Pheodora Shin, a physician diagnosed at age 45, supports research so her children won’t follow in her footsteps.
When Pheodora Shin was diagnosed with breast cancer, she was shocked. While the disease was not foreign to her—both her mother and aunt had been diagnosed—as a physician, she was not ready to assume the role as the patient.
“I thought it would happen someday given my family history,” she said about her diagnosis. “But not at the age of 45. Not with three young children.”
Her community rallied around her. From walking the family dog to taking carpool duty and cooking meals, friends and family were there. But accepting the help did not come naturally to her.
“I always prided myself on being able to ‘do it all,’” Pheodora said. “But in the end, I greatly appreciated all the love, positive energy and support that emanated from every gesture of kindness.”
Sometimes these moments came from those closest to her.
“A week after I shaved my head, my seven-year-old twin boys asked to go to the barber to shave theirs,” she said.
At her daughter’s school, while she was in treatment, the librarian approached her.
“She said to me, ‘You look great, you're doing great!’ I kind of looked at her and asked, ‘What do you mean?’ And she pulled aside her blouse to show me her scar. She was a 15-year survivor. And she told me I would be there too someday.”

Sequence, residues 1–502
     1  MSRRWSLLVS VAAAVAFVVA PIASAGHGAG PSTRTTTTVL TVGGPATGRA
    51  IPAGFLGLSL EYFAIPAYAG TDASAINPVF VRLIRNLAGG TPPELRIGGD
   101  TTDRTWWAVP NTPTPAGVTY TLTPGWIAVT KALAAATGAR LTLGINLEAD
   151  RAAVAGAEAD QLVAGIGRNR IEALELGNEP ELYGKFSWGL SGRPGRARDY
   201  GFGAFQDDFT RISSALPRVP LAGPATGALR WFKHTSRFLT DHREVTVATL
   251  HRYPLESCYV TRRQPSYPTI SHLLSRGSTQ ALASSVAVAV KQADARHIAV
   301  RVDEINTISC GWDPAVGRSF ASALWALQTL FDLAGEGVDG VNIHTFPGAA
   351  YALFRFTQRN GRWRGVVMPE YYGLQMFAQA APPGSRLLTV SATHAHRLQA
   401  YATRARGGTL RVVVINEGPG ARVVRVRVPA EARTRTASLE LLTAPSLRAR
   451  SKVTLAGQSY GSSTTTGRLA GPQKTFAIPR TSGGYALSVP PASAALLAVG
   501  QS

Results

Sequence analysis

Today Pheodora is living that reality. She is in remission—but her memories remain fresh.
“My cancer experience will always be a part of me. I have learned to live with this ‘monkey on my back.’ I try to make peace with it by living life to its fullest.”
Her daughter, Grace, has helped her embrace this new normal. For a school project, her then 12-year-old daughter was asked to write an essay about the most influential person in her life, and she chose her mom.
“I was totally flattered,” Pheodora said. “But then Grace turned to me and said, ‘But Mom, I don't want to be you. I don’t want to have cancer.’”
At the time Pheodora did not know what to say. It was several years later, when her husband—a molecular biologist—stumbled upon BCRF’s website. The couple was moved by its mission and have since attended several Hot Pink Parties in New York to raise money for research.
“It's my hope that when my daughter grows up, she won’t have to face the decisions that so many women have to make when they are given a breast cancer diagnosis,” Pheodora said.
“Maybe there won’t even be breast cancer.”